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portable electric fencing questions

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pdubdo

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New to this so here goes. I've got 4 x approx 7-8 acre paddocks (basically a big rectangle) I'm going to rotate through every 1-2 weeks. Using a polyrope and step-in posts. Water is at the intersection of the paddocks with some auxiliary mobile water as well.

1). do I include the perimeter fence in each paddock or create driving lanes between the paddock and the perimeter fence so I can drive completely around the paddock and also check perimeter fence? I can see pros and cons to both (i.e. cows are keeping the perimeter fenceline grass eaten back).

2). I have 800+ foot runs of polyrope - what about stronger corner posts? I've thought about t-posts driven extra deep initially and if I like my layout, placing wooden posts at the corners.

3). I'm sure I can figure this out by trial and error, but do I need little flags/tassles/etc to make the rope extra visible to cattle? Any benefit to this?

4). Lastly, ideally, I'd place my grounding rods and solar charger in the middle of all 4 paddocks so I'm not moving the ground...except it'll be quite close to my water line/water trough. Any advice on a) ways to keep the charge from jumping to the water line? or b) don't do this?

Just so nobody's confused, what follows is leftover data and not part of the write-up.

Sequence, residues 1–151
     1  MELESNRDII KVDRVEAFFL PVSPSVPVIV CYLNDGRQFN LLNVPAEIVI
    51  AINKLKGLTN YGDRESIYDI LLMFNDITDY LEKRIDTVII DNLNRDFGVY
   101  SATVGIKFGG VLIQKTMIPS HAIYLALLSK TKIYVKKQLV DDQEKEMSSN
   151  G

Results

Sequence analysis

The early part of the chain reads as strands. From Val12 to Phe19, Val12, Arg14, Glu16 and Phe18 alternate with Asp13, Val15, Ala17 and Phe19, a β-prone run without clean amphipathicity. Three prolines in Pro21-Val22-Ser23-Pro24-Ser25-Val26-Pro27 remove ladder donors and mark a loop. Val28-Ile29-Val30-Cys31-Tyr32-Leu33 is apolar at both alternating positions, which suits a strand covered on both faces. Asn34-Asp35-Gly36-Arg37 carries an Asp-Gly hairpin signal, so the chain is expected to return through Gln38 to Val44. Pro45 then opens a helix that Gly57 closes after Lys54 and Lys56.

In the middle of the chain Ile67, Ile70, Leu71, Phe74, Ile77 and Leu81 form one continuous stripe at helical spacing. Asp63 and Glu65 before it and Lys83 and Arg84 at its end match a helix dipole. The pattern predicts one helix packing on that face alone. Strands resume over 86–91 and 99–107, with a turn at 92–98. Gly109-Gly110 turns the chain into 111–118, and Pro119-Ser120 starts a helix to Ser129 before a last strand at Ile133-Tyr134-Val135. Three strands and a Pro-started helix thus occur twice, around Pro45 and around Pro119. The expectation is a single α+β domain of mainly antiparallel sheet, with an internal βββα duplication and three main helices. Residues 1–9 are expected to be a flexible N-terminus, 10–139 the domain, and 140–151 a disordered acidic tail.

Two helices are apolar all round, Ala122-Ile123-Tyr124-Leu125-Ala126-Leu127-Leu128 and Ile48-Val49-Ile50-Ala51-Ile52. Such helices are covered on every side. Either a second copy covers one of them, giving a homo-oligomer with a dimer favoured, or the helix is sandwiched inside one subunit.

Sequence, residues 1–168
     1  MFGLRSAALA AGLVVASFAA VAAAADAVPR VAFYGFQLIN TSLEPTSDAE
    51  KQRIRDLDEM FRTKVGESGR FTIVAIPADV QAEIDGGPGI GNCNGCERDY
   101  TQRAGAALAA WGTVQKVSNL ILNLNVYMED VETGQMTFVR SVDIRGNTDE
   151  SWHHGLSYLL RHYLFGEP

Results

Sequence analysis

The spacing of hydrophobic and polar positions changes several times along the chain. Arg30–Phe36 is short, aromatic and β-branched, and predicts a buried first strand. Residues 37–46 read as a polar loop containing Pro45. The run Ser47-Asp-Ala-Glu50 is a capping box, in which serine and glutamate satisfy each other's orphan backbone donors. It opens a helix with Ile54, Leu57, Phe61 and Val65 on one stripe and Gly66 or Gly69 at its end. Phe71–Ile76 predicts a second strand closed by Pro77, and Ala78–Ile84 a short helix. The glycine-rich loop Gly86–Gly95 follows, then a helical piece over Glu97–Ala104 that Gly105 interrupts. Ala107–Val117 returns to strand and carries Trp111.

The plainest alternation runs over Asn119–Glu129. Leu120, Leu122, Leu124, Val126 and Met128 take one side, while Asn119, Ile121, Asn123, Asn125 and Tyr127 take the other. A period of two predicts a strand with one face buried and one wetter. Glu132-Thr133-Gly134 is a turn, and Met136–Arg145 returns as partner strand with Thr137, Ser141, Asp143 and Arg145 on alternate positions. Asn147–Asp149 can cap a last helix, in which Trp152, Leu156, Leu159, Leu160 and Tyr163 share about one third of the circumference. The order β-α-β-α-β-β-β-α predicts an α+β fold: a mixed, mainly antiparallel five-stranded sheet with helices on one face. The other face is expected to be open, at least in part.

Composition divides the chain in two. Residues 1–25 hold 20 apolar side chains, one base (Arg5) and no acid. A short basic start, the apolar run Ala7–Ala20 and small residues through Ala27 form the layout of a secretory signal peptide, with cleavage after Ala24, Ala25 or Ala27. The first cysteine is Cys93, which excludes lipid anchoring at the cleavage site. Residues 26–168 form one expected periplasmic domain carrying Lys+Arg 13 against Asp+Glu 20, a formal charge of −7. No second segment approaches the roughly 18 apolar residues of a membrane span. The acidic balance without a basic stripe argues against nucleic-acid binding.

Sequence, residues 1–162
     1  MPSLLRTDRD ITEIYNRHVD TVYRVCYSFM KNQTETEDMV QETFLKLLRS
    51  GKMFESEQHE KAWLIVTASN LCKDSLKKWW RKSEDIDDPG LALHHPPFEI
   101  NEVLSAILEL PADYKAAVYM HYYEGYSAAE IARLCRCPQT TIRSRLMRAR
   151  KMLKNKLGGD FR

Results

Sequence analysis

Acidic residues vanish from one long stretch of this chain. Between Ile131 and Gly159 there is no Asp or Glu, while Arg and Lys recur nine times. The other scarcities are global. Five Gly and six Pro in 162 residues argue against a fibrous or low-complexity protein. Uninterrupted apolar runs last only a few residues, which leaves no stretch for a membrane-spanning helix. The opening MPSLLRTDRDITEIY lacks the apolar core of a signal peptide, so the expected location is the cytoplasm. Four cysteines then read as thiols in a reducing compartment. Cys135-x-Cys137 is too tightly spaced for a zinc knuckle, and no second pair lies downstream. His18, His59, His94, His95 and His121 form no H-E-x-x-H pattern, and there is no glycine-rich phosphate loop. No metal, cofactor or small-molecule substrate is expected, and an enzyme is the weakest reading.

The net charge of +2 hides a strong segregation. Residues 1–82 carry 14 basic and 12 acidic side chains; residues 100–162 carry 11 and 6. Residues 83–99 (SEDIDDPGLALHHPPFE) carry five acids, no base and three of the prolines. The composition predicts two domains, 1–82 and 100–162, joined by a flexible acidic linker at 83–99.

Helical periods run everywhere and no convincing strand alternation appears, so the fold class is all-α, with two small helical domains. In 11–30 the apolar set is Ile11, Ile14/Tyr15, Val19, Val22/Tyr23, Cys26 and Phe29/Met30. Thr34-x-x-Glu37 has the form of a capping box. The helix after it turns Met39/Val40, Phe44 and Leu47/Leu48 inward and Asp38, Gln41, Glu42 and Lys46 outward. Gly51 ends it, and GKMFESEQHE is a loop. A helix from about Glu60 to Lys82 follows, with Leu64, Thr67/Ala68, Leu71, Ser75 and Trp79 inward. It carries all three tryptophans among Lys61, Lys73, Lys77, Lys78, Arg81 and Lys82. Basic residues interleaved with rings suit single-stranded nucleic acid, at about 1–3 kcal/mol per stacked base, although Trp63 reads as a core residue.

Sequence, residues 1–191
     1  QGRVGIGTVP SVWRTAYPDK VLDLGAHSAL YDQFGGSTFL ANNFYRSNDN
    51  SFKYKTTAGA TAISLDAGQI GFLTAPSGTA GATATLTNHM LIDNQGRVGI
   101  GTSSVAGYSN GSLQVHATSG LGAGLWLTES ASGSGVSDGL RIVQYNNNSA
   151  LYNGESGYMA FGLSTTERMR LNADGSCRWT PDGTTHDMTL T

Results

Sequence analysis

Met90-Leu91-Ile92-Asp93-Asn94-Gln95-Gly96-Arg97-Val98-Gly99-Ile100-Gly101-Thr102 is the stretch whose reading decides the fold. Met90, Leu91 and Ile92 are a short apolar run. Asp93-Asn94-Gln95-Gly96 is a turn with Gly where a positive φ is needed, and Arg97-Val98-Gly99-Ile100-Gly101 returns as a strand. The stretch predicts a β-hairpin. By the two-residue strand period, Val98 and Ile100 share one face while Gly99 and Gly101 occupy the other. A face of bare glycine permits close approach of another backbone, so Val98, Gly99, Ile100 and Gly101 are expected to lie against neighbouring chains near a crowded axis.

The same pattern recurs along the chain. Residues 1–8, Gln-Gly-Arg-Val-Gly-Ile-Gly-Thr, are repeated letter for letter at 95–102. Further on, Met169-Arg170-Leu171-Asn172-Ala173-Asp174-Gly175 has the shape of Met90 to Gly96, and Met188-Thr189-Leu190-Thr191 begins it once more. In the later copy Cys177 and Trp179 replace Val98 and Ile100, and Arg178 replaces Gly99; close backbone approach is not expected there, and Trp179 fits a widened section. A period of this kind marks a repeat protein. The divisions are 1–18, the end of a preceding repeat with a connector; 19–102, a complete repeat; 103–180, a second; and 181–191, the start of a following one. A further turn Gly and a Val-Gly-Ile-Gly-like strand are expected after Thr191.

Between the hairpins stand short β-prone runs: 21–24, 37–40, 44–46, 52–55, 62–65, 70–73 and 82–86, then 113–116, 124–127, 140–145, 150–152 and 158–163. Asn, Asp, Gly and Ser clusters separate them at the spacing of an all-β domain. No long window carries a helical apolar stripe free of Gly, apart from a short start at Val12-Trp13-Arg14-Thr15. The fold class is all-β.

Thanks!
 

dun

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What I did with a similar set up was fence the water point with barbed with an opening into each of the possible paddocks. To move them I would just open they gate into the paddock I wanted them in and close the one behind them when they had all moved. If the perimeter barbed is on t-posts, I would just hook the ground to one of the strands of barbed.
 

1wlimo

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I run ploy wire and tread in posts at 25 yards, then three rebar posts on corners spaced at 2 yards apart as they go around. Move every three days generally. Then I can change the paddock size as the season and grass growth changes.
I t post would work on a corner 2. Use angle iron for end posts, and have for corner posts in the past.
 

Texasmark

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Having ground at the watering hole would be best for ground contact.....wet soil conducts better. If the waterline is buried it is already "grounded" so no chance of electrical shock off it but it would serve as a ground for any electrical charge.

I too have used a strand of barbed wire for the ground with steel T posts as every 10 or whatever your post spacing is, you have a ground to go with your hot wire around your "paddock".

I always put pieces of plastic tape (made for the purpose) along a new fence for the reason mentioned. Never have a problem with that.

I use regular electric fence expanding gates for paddock separation. Cows know where the new grass is and will line up at the gate for me to let them in.
 

BK9954

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A trick I was given for corner post was put wire on the bottom of a T post and drive it in. Then put in another t post and attach the wire to the top of that one to use as an anchor. Works great for high tensile. My wires are TIGHT and those post have been holding since last winter. CALLMEFENCE gets the credit. I did permanent fence on 30 acres with 2 wires on a 50 mile charger. Overkill but even with brush or trees touching, or even a slight short it still produces a good voltage. When I do my feed call and go to the gate the cows know what time it is.
 

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